The Ras-dependent ERK1/2 MAPK pathway plays a central role in control of cell proliferation, and sustained activation of ERK1/2 is necessary for G1-to-S-phase progression and positive regulation of the cell cycle. However, excessive activation of ERK1/2 can instead lead to cell cycle arrest and apoptosis (21, 48). Downstream of Ras are the effector kinases Raf/MEK/ERK1/2 (13), while Ets1 and p16 are the downstream mediators of ERK1/2 (19, 61). Moreover, p16 has an antiproliferative function through the G1 phase of the cell cycle in response to Ets1 and ERK signaling activity cycles (19, 61). Hence, activation of this pathway is consistent with our finding of the G1 arrest and apoptosis mediated by P. gingivalis. Chk2 was phosphorylated at threonine 68 when cells were damaged by ionizing radiation (IR), UV irradiation, hydroxyurea (HU) (37), arsenic trioxide (23), and cisplatin (41), and activation was shown to be mediated by ATM (20, 37) and ATR (23, 37, 41). In addition, Chk2 phosphorylation parallels p53 phosphorylation on Ser15 (37). In the present study, DNA damage response induced by P. gingivalis infection led to ATR but not ATM activation (Fig. 2 and and7F).7F). Moreover, Chk2 was phosphorylated at threonine 68 (Fig. 2 and and7F).7F). Interestingly, ATR-Chk2 pathways were activated by P. gingivalis invasion with and without gingipain proteases. Accordingly, ATR likely phosphorylates and activates Chk2 during P. gingivalis invasion damage, which in turn leads to p53 phosphorylation at Ser15. Previous studies have noted that p53 phosphorylation at Ser15 is crucial for p53-dependent p21 expression (60) and does not require the presence of ATM kinase (5).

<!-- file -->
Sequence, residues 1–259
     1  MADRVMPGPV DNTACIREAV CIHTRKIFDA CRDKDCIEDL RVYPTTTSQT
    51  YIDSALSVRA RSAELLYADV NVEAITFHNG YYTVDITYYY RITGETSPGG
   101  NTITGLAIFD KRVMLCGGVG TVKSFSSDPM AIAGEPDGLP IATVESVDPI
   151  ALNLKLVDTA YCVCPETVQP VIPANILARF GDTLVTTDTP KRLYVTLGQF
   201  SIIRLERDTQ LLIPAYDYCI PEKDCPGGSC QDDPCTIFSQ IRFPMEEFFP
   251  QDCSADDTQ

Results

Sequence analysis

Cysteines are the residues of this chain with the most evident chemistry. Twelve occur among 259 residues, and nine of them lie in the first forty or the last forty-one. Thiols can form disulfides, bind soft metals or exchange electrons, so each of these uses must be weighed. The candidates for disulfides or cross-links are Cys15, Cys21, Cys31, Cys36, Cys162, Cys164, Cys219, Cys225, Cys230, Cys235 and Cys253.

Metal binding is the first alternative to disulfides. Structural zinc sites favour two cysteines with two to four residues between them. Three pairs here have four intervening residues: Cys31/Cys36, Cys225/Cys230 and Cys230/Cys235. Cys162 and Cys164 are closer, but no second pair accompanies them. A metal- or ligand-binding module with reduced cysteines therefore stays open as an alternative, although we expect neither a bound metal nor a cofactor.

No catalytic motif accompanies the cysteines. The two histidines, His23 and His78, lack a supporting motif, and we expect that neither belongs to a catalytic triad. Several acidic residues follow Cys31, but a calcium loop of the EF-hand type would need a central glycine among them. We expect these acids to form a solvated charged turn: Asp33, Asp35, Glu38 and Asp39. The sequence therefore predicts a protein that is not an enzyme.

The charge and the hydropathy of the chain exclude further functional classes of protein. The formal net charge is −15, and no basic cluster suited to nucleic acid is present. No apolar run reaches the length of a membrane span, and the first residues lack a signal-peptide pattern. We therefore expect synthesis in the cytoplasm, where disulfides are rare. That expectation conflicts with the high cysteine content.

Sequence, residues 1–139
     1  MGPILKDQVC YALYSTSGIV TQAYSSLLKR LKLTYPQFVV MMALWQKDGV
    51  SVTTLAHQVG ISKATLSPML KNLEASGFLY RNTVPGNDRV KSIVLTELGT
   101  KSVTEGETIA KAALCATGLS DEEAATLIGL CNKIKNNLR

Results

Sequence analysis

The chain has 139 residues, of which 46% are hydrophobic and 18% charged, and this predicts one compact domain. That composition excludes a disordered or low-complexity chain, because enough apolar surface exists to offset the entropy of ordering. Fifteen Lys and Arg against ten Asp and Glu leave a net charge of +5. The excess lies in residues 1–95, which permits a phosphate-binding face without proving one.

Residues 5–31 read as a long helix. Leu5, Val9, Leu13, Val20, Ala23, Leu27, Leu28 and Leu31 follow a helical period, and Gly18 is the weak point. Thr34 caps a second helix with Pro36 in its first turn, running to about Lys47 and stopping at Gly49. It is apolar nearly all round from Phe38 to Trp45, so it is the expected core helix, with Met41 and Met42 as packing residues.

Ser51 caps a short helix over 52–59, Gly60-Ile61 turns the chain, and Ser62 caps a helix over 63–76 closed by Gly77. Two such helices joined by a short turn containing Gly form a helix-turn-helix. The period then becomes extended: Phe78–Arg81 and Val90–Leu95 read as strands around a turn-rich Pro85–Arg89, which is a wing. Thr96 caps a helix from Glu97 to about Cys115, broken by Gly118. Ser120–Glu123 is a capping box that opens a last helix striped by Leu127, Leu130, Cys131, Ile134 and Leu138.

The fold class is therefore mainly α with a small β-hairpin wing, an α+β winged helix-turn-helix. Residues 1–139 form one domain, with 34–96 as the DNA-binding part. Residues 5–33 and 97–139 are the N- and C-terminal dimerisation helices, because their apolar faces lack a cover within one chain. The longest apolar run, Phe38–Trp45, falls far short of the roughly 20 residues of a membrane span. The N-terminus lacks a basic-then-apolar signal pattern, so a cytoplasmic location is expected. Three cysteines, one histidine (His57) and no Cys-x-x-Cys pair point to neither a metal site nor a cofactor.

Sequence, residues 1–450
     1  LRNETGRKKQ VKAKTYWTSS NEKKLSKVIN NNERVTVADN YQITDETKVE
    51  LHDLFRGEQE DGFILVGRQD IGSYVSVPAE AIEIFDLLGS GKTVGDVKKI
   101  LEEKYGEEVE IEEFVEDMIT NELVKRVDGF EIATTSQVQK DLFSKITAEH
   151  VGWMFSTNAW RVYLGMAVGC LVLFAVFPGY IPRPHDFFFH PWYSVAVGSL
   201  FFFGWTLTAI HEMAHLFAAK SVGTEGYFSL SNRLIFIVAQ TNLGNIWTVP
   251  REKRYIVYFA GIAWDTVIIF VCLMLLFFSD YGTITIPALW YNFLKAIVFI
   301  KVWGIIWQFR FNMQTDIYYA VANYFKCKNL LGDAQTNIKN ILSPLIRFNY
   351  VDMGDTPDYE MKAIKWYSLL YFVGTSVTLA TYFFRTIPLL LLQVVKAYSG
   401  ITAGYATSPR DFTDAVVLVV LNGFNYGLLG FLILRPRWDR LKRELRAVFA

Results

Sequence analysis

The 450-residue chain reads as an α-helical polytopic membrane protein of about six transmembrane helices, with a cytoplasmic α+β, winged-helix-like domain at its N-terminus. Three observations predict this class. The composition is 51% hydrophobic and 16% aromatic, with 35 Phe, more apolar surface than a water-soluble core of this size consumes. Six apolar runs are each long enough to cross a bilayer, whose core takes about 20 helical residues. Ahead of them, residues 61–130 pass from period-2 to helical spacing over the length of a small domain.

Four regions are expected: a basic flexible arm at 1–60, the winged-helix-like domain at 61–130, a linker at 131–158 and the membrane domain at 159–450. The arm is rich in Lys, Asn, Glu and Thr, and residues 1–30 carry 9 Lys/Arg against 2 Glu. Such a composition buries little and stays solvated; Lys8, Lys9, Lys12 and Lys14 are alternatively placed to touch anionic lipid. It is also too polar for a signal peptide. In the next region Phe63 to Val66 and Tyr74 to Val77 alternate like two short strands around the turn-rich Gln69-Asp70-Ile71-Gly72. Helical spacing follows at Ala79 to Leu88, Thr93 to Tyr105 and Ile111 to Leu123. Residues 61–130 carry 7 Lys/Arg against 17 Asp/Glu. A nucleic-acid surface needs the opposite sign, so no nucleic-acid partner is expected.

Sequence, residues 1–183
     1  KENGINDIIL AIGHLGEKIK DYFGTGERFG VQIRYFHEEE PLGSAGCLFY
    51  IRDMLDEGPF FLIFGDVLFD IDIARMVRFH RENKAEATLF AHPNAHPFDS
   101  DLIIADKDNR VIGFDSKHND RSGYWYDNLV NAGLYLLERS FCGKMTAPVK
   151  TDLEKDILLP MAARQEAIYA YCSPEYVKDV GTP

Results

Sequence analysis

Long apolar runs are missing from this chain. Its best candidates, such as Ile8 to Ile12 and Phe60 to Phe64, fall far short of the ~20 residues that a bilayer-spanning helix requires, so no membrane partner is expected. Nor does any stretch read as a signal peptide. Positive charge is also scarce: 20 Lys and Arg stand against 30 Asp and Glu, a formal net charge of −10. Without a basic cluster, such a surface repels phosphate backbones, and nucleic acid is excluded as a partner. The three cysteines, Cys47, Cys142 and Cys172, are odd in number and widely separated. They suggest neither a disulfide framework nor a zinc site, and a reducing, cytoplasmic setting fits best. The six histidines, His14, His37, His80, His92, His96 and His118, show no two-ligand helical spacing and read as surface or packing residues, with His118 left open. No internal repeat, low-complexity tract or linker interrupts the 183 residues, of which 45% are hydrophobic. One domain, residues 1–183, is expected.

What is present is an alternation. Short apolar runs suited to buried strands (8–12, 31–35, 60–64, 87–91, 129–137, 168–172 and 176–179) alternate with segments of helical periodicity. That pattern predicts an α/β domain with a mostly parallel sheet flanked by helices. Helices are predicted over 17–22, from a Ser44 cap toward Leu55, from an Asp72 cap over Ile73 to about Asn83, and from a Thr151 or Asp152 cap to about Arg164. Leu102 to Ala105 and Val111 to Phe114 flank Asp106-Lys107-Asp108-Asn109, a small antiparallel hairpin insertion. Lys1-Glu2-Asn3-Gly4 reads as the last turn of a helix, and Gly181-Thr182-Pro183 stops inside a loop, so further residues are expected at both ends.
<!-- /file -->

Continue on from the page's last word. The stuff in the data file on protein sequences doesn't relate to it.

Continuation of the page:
Several pathogens, such as Salmonella enterica (42), Streptococcus pyogenes (57), and Helicobacter pylori (55), have been reported to induce apoptosis mediated by Fas. H. pylori can also induce apoptosis through activation of p53 (8). However, the interaction between p53 and Fas expression in bacterial infection has yet to be characterized. The finding that DNA damage response in HTR-8 cells induced by P. gingivalis increased p53 accumulation and Fas activation suggests that both proteins are targets of P. gingivalis in an MOI-dependent manner (Fig. 1). Those findings also suggest that G1 arrest or apoptosis related to p53 and Fas expression may be MOI dependent in HTR-8 cells infected with P. gingivalis in vivo. While the levels of P. gingivalis in placental tissue are unknown, an immunohistochemical study suggested that they can be quite high in cases of preterm delivery (25). Knockdown of p53 with siRNA inhibited Fas expression, G1 arrest, and apoptosis (Fig. 4), suggesting that DNA damage response can induce transcriptional upregulation of FAS through p53-dependent mechanisms, as demonstrated with other cell types (14). These findings suggest that Fas induction is controlled by p53 after P. gingivalis infection. The p53 protein plays a central role in cellular responses to a variety of stress signals. Normally, p53 levels are kept low through activity of the negative regulator MDM2. However, those levels rapidly increase after stimulation by several stressors, which results in disruption of MDM2-p53 interaction (36, 58). Ser166 phosphorylation of MDM2 has been shown to increase its ubiquitin ligase activity and increase p53 degradation (35). Notably, a significant decrease in levels of phosphorylated and total MDM2 was observed in P. gingivalis-infected cells, and this decrease was dependent on the presence of gingipains. Together, these results suggest that P. gingivalis gingipain proteases degrade MDM2, thus contributing to p53 accumulation and apoptosis. This is the first report of such an MDM2-specific degradation response to pathogen infection.